Oil fluctuated, with prices on course for a deep weekly loss, as investors weighed concerns that a potential global slowdown would hollow out energy demand against signs of still-tight physical markets.
US benchmark West Texas Intermediate crude traded above $98 a barrel, more than 9% lower this week. Over the past month, escalating fears that a looming recession will erode consumption have driven prices down even as the market continues to show signs that supplies remain tight at present.
Oil’s retreat means the world’s most crucial commodity has given up the bulk of the gains seen in the wake of Russia’s invasion of Ukraine, which lifted the US benchmark above $130 a barrel in March. Surging inflationary pressures have prompted the Federal Reserve to tighten policy aggressively, which in turn spurred expectations that a demand-sapping recession may lie ahead. The dynamic has largely overshadowed concerns over supply tightness.
“There isn’t much rational assessment,” said Vandana Hari, founder of Vanda Insights in Singapore. “The fears may not end but could get brushed aside when supply constraints are back to the fore. The market balance is tight.”
Oil markets remain in backwardation, a bullish pattern with near-term prices above longer-dated ones. Brent’s prompt spread — the gap between its two nearest contracts — was $3.57 a barrel, up from $2.43 a barrel a month ago.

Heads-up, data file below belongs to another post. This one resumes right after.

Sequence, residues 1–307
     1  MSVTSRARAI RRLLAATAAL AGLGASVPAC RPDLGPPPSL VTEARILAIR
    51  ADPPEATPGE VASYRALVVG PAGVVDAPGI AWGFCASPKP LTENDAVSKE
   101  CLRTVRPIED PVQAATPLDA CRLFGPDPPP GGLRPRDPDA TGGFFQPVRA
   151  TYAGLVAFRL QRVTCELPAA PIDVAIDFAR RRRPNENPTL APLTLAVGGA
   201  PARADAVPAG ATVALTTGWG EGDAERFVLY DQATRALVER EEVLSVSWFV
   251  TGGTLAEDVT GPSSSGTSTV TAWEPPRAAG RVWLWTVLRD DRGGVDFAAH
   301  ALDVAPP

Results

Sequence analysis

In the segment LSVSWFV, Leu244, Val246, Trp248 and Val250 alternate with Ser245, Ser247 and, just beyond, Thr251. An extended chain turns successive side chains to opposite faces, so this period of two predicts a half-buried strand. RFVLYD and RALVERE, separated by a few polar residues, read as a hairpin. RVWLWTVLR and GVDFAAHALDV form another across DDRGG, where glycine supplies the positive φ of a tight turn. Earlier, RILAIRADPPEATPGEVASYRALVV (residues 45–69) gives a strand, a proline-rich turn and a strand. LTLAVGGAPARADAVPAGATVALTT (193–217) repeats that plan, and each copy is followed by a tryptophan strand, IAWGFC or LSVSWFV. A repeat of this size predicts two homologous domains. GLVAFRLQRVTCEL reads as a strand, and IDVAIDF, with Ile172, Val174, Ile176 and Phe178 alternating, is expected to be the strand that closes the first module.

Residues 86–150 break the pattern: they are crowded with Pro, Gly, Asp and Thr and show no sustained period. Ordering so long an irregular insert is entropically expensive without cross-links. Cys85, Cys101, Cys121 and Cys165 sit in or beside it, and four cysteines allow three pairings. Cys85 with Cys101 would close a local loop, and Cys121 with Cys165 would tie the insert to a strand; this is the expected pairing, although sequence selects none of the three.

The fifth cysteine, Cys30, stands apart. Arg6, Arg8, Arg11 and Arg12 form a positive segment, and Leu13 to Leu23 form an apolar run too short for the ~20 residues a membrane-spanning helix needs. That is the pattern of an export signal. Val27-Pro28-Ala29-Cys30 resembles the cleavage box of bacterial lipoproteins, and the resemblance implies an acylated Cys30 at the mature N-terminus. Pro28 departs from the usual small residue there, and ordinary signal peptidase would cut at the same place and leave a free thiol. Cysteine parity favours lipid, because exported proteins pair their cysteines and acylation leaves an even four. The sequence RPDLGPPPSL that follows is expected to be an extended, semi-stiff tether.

Still, the industry-funded American Petroleum Institute reported US crude stockpiles rose 3.8 million barrels last week, including a gain at the key storage hub at Cushing, Oklahoma, according to people familiar with the widely-watched figures. Official data on holdings will follow later on Thursday.
The US and its allies, meanwhile, have discussed trying to cap the price of Russian oil between $40 and about $60 a barrel, according to people familiar with the matter. Allies have been exploring several ways to limit Russia’s oil revenues while minimizing the impact on their own economies.
Traders were also tracking developments in China, the world’s largest oil importer. Shanghai reported the most coronavirus infections since late May, fueling concerns that the financial hub may look to ramp up restrictions to curb the pace of transmission, potentially harming energy demand.
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